Eating The Bread Of Anxious Toil
Unless the Lord builds the house,
those who build it labor in vain.
Unless the Lord watches over the city, the watchman stays awake in vain.
It is in vain that you rise up early and go late to rest;
eating the bread of anxious toil;
for he gives to his beloved sleep.
Abide in me, and I in you.
As the branch cannot bear fruit by itself, unless it abides in the vine,
neither can you, unless you abide in me. …for apart from me, you can do nothing.
Read the Other Fall 2006 Articles
It was after midnight at the end of another long, busy day, and I had an early breakfast meeting the next morning. I decided to read a psalm before I turned off the light and, with no particular rhyme or reason, settled on Psalm 127. Although I have read this psalm before, I was completely unprepared for the shock it gave me that night.
Verse two caught me completely off guard: "It is in vain that you rise up early and go late to rest, eating the bread of anxious toil." I was struck right between the eyes. There could not have been a more vivid and disturbingly apt description of my life and the lives of most people I know here at Sojourners and elsewhere.
Busyness has become a way of life for many of us, even a status symbol. Our work is justified only if we are continually active and preoccupied. There are so many necessary and urgent things to he done. After one task is completed, there are others always waiting in the wings, needing our immediate attention. To slow down, to rest, often seems out of the question, a lack of commitment, a sign of weakness. Not only our days but many of our evenings and weekends become filled, too. We are not just eating the bread of anxious toil; we are daily gulping down loaf after loaf after loaf. "Give us this day," we pray, "our daily bread (of anxious toil)."
A recent visit from one of the leaders of the European Peace Movement shed some light on our schedules. He described for us his exhaustive two-week tour sponsored by several peace groups in this country?\always speaking, tired, never a chance to be alone, working all the time. Although he could accept the probable need for his brief stay to be as full as it was, he wondered out loud whether some of the people he had met lived this way all of the time, fully expecting that his speculation was true. His concluding admonition hit its mark: "We can't live this way in the name of peace."
There is serious danger in our excessive task orientation. If preoccupation with the end product of our work separates us from the source of our life and call, as it most surely will, then our work will be of no ultimate value. The warning of the scriptures is unequivocal and aimed not at the nominally committed, but at the most actively involved. "Apart from me, you can do nothing," admonished Jesus. "Unless the Lord builds the house, those who build it labor in vain," exhorts the psalmist.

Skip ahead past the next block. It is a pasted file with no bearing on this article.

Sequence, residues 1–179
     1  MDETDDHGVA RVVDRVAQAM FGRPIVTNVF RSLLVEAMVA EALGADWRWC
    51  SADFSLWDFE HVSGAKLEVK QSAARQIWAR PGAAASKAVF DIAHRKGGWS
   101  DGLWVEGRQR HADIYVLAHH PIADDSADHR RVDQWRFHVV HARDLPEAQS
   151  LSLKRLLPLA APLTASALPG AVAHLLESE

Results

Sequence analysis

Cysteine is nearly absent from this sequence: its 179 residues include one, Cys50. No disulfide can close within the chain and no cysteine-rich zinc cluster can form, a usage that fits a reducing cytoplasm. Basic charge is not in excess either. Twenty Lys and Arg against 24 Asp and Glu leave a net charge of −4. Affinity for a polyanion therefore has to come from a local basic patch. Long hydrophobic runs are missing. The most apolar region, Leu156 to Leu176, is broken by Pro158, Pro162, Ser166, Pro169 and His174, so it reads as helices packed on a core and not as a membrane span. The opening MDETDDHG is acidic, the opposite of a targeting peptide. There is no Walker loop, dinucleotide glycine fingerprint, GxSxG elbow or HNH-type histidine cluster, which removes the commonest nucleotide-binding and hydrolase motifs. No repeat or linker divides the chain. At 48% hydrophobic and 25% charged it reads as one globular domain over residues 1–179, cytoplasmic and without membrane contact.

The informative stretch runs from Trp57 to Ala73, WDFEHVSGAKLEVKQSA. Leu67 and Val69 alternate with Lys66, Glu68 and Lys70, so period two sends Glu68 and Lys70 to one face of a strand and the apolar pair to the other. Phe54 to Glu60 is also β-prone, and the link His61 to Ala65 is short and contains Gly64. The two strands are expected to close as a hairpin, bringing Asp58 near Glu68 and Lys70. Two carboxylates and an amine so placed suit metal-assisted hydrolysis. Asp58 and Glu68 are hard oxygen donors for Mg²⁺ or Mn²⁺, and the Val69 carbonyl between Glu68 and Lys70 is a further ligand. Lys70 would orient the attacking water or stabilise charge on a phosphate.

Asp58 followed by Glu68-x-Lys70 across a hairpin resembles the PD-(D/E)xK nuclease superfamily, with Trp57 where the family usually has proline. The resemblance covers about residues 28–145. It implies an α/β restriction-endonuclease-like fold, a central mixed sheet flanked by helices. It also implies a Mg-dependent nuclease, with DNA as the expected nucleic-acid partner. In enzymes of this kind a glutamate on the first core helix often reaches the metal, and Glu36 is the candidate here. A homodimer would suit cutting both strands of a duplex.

We may continue to be busy. We may continue to accomplish many things. But we will not bear fruits of the kingdom. We will gradually lose our ability to be self-critical, developing an exaggerated sense of our self-importance, deluded into thinking that what we are doing is of utmost significance.
Hanging on the wall in some of our offices at the magazine is an inscription we've entitled "The Violence of Activism and Overwork." The words inscribed were selectively gathered from the works of Charles de Foucauld. The desert contemplative and activist for the poor knew well what was at stake:
The rush and pressure of work can do us violence.
Those carried away by too many conflicting emotions
can succumb to violence.
Those who surrender to too many demands
can succumb to violence.
Those who commit themselves to too many projects can succumb to violence.
Those who help everyone in everything without taking some time for solitude can succumb to violence.
The frenzy of the activist neutralizes our work at times because it destroys our inner capacity for peace.
The frenzy of the activist can destroy the
fruitfulness of work because it kills
the root of inner wisdom which
makes work fruitful. . .
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About the Author
Joe Roos is a cofounder of Sojourners magazine and Sojourners Community. He currently serves as pastor at the Hyattsville Mennonite Church in Hyattsville, MD.
Sojourners is a monthly publication addressing issues of faith, politics and culture.
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The Wider Quaker Fellowship program of Friends World Committee for Consultation is a ministry of literature. Through our mailings of readings, we seek to lift up voices of Friends of different countries, languages and Quaker traditions, and invite all to enter into spiritual community with Friends.
The Fellowship was founded in 1936 by Rufus M. Jones, a North American Quaker teacher, activist and mystic, as a way for like-minded people who were interested in Quaker beliefs and practices to stay in contact with the Religious Society of Friends, while maintaining their own religious affiliation, if any. Today, WQF Fellows number approximately 2,700, in nearly 100 countries, and include non-Friends, inquirers, Quakers living in isolated circumstances, and even active members and attenders of Friends meetings and churches. The Fellowship does not charge a subscription fee, but depends on donations from its readers and other supporters to cover costs.
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